Why is Nashville Hot Chicken the Hottest Food Trend — and Who Makes It Best?

Hot chicken is beginning to catch on like wildfire

Why is Nashville Hot Chicken the Hottest Food Trend — and Who Makes It Best?

Why is Nashville Hot Chicken the Hottest Food Trend — and Who Makes It Best?

Photo by Paul S. via Yelp

This year has seen its share of food trends, dishes that are popping up on restaurant menus seemingly out of nowhere: from spicy salami spread ‘nduja to poke to rainbow everything. But few dishes have captured the national imagination in the past year more than Nashville-style hot chicken, fried chicken that’s taken a bath in a fiery chile sauce. Heck, even KFC’s jumped on the bandwagon. While we have a feeling we haven’t yet seen the full extent of the hot chicken diaspora, restaurants throughout the country are beginning to serve the dish, and we tracked down the 10 that are doing it best. And surprise: They’re not all in Nashville.

400 Degrees Hot Chicken, Nashville

Tucked into a small food court, 400 Degrees’ hot chicken is the real deal, available in four heat levels from zero to (you guessed it) 400 degrees. Owner Aqui Simson’s creation maintains a crisp crust under all that heat, and it has locals lining up every day to try it. Their massive fried pork chop sandwich is also worth seeking out. 

Bolton’s Spicy Chicken & Fish, Nashville

The hot chicken is hot at Bolton’s — some of the hottest you’ll find in town. The crust is super-crisp, and the flavor gets an extra boost from a sprinkling of spicy rub added after the oil. And as the name might imply, the fried fish is great here, too. 

The Fat Ham, Philadelphia

Before putting hot chicken on his menu, chef Kevin Sbraga (of Top Chef fame) spent three years traveling regularly to Nashville and went through 22 different recipes before settling on what was, in his mind, perfection. At The Fat Ham, the Amish chicken isn’t just dipped into oil, it’s dipped into rendered lard, and the fiery spice mix is lip-staining red and tongue-scorching hot. But once the initial wave of heat subsides, you keep coming back for more, because it’s just that good. 

Hattie B’s, Nashville and Birmingham

Hattie B’s, Nashville and Birmingham

Photo by Stephanie P. via Yelp

This relative newcomer has two Nashville locations and one in Birmingham, and it already attracts lines around the block on a daily basis. As opposed to straight cayenne like most hot chicken spots, each heat level at Hattie B’s derives from different chiles: the “Shut the Cluck Up” level uses habanero peppers along with ghost peppers and Trinidad Scorpion peppers, two of the hottest chiles on earth.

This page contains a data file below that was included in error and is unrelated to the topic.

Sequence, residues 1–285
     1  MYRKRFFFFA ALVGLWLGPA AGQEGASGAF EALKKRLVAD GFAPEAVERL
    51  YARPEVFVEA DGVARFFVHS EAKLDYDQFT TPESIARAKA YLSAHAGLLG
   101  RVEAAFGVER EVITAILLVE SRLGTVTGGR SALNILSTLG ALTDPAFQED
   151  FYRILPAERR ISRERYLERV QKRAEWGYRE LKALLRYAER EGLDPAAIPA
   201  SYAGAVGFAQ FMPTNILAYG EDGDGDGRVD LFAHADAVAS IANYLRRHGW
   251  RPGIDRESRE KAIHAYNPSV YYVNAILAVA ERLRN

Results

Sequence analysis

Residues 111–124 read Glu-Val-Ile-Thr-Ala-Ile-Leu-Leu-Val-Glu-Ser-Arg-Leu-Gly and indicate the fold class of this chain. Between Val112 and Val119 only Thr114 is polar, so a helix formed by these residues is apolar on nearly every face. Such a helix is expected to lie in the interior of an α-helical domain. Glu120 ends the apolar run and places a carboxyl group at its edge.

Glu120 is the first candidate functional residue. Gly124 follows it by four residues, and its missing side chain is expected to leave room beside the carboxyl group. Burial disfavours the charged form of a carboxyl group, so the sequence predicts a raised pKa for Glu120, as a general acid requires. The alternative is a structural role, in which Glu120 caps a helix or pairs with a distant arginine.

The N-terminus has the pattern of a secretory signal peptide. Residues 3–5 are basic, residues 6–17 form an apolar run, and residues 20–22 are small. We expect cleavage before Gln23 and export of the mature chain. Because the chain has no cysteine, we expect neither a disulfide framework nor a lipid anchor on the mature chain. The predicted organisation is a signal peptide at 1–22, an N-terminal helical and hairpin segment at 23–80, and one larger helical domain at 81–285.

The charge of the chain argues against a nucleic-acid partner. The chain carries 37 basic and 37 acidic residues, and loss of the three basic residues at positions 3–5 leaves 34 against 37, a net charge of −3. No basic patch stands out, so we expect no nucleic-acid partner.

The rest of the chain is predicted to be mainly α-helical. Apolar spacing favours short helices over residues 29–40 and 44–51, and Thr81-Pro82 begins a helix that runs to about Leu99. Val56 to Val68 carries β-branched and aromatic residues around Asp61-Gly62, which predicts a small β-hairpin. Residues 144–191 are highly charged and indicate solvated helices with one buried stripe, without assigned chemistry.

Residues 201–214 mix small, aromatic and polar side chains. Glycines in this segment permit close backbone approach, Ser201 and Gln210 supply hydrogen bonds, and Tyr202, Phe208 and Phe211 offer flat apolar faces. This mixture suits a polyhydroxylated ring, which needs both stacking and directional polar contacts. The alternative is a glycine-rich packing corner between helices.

Hop’s Kitchen, Atlanta

Hop’s Kitchen, Atlanta

Yelp/ Tiff H.

From renowned Atlanta chef Linton Hopkins comes this fried chicken counter located in Atlanta’s Ponce City Market. Crisp, juicy, and flavorful, the chicken is spectacular as it is, but you’ll want to spring for a dunk in house-made Nashville-style hot sauce for an extra 50 cents. The end result is spicy, full of flavor, and addictive. 

Hot Stuff, Antioch, Tenn.

Hot Stuff, Antioch, Tenn.

Photo by Tran T. via Yelp

Located just outside Nashville in Antioch, this family-owned hot chicken joint is still largely off the radar, but it’s turning out hot chicken that can rival the best. Available in five heat levels (as well as lemon pepper, Cajun, and sweet heat for those looking for something different), this crispy, crunchy fried chicken strikes the perfect balance of heat, flavor, and texture.  

Howlin’ Ray’s, Los Angeles

Howlin’ Ray’s, Los Angeles

Photo by Jam Y. via Yelp

Howlin’ Ray’s owner Johnny Ray Zone has spent time working for some of the world’s most renowned chefs, including Gordon Ramsay, Joël Robuchon, and Nobu Matsuhisa, but he found his true calling on a trip to Nashville. What started as a food truck is now tiny a Chinatown storefront with painfully brief opening hours (11 a.m. – 4 p.m., closed Mondays and Tuesdays), serving fresh-from-the-fryer hot chicken made screamingly hot with help from cayenne and extracts of habanero, ghost pepper, and red savina. But before the heat kicks in, you’ll have a few seconds to recognize that this also happens to be great fried chicken. As Jonathan Gold recently put it: “You will aim to get as much of the fragrant skin as possible between your teeth, and you sigh with relief; the experience is of salt, crunch and garlic, overlaid with the musty pungency of dried peppers, not nearly as bad as you thought.”

Pepperfire, Nashville

Pepperfire, Nashville

Photo by Krista C. via Yelp

Spacious and low-key, Pepperfire is the brainchild of Isaac Beard, who spent 10 years visiting hot chicken shacks on a near-daily basis and perfecting a recipe of his own. Fried chicken is available in six different heat levels, and the time spent developing the recipe and rubs is obvious in every fiery bite. 

Prince’s Hot Chicken Shack, Nashville

Prince’s Hot Chicken Shack, Nashville

Photo by Paul S. via Yelp

Prince’s doesn’t just serve the undisputed best hot chicken in Nashville, it serves some of the best fried chicken anywhere. Before hitting the fryer, the chicken here gets a secret marinade, and what emerges is crisp, juicy, and full of flavor. That crispness doesn’t subside once it hits the hot oil, which kicks the flavor up a notch or 10. Don’t shy away from it just because it’s located in a strip mall off the beaten tourist path: Prince’s is the gold standard.  

Zingerman’s Roadhouse, Ann Arbor, Mich.

Only available on Tuesday at this Southern-tinged offshoot of the venerable Ann Arbor institution Zingerman’s Deli, the hot chicken here starts with the everyday menu’s most popular item: fried chicken marinated in buttermilk and dredged with a mixture that’s heavy on the black and red pepper. Zingerman’s boosts the heat level thanks to a hefty dose of cayenne, and the end result (served atop fresh-baked white bread) is a must-order.